Lauren Breithaupt, PhDDepartment of PsychologyGeorge Mason UniversityFairfax, Virginia

Early Childhood Infections Associated With Eating Disorders In Adolescence Interview with:

Lauren Breithaupt, PhDDepartment of PsychologyGeorge Mason UniversityFairfax, Virginia

Dr. Breithaupt

Lauren Breithaupt, PhD
Department of Psychology
George Mason University
Fairfax, Virginia What is the background for this study? What are the main findings? 

Response: Our study provides novel insight into the relationship between the immune system and eating disorders characterized by chronic restriction (e.g., anorexia nervosa) and binge eating and/or purging (e.g., binge eating disorder, bulimia nervosa). These findings also add to the growing body of literature linking the immune systems broadly and mental disorders.

We found that infections in early childhood were associated with an increased risk of anorexia nervosa, bulimia nervosa, and other eating disorders such as binge eating disorder in adolescence. These relationships appear to be both time and dose-dependent, meaning that the onset of eating disorder diagnosis is greatest in the first three months following the infection, and the more infections, the greater the risk. What should readers take away from your report?

Response: Both neuroinflammation and pathogens may be at play.

Commonly reported symptoms of both infections and inflammation include loss of appetite and decreased food intake. In vulnerable populations, these changes may increase the risk of eating disorder development.

In addition, contracting an infection and taking anti-infective agents can alter the stability of the microbes that inhabit our gut. A large nerve, called the vagus nerve, runs from the brain all the way to the abdomen. This connection between the gut and the brain is called the gut-brain axis. Changes in microbiota from infections or ingestion of anti-infective agents could affect behaviors via communication from the gut-brain axis.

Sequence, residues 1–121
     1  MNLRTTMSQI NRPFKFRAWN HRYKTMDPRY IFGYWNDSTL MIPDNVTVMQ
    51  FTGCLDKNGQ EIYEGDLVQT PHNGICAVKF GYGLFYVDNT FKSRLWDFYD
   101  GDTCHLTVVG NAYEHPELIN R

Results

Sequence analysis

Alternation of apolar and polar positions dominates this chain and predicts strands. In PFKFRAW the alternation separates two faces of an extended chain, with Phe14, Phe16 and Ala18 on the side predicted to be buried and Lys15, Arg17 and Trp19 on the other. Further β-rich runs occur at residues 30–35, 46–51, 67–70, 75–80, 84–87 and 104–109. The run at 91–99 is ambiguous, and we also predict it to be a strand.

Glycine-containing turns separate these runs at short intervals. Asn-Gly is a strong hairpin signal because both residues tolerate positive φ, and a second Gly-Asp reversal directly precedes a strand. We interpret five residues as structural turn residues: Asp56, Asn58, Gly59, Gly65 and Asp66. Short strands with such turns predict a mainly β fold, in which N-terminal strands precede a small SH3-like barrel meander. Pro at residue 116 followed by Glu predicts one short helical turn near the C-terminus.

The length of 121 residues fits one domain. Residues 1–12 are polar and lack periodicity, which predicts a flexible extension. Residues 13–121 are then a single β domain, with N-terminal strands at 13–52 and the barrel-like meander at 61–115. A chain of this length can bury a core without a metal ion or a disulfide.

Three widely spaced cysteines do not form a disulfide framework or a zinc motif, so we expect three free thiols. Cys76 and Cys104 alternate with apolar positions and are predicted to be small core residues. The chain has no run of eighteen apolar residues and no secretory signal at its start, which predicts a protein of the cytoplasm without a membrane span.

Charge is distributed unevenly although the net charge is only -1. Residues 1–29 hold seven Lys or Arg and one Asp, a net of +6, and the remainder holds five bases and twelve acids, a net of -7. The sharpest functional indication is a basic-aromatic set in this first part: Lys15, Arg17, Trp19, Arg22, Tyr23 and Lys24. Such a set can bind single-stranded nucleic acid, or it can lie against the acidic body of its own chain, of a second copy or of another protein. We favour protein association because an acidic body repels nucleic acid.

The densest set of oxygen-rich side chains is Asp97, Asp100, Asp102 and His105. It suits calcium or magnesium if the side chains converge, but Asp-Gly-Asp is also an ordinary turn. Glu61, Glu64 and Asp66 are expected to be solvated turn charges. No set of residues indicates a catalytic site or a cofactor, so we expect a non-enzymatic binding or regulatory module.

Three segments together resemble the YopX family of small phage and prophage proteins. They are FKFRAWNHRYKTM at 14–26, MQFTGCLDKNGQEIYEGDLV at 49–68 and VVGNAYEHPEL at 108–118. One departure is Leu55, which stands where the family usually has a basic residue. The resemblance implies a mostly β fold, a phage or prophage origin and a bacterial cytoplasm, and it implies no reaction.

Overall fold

Rapid onset of restrictive eating has been reported in patients after a variety of infections such as rheumatic fever, streptococcal infection (i.e., strep throat), viral meningitis, mycoplasma pneumonia, coccidioidomycosis, and influenza and rapid reduced and restricted food intake following an infection is a core symptoms of the pediatric acute-onset neuropsychoatric syndrome known as PANS. What recommendations do you have for future research as a result of this work?

Response: We are looking forward to continuing to explore the complex interplay between the immune system and eating disorders. For example, my team and I at the Massachusetts General Hospital Eating Disorder and Clinical Research Program (MGH EDCR) are currently exploring the gut-brain axis in a study of low-weight adolescents with a spectrum of eating disorders. We are also hoping to study the response to Cognitive Behavioral Treatment for Avoidant Restrictive Food Intake Disorder (CBT-AR; developed at the MGH EDCRP by my colleague Drs. Jennifer J. Thomas & Kamryn T. Eddy) in kids with PANS/PANDAS selective eating subtypes given the paucity of treatments available for these kids.

Most of the infections that we studied are common infections, such as respiratory and gastrointestinal infections. It is important to note that the majority of kids with a common infection will not go on to develop an eating disorder and infections themselves are necessary for adolescents for the normal development of the immune system. Is there anything else you would like to add?

Response: As a clinician and a scientist, I hope that this study encourages the vigilance of detection of eating disorder symptoms from both providers and parents of children. If you notice symptoms of an eating disorder in your child, seeking a diagnostic evaluation from a professional and beginning evidence-based treatment early will lead to restored health. 


Breithaupt L, Köhler-Forsberg O, Larsen JT, et al. Association of Exposure to Infections in Childhood With Risk of Eating Disorders in Adolescent Girls. JAMA Psychiatry. Publishe

April 24, 2019. doi:10.1001/jamapsychiatry.2019.0297

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Last Updated on April 25, 2019 by Marie Benz MD FAAD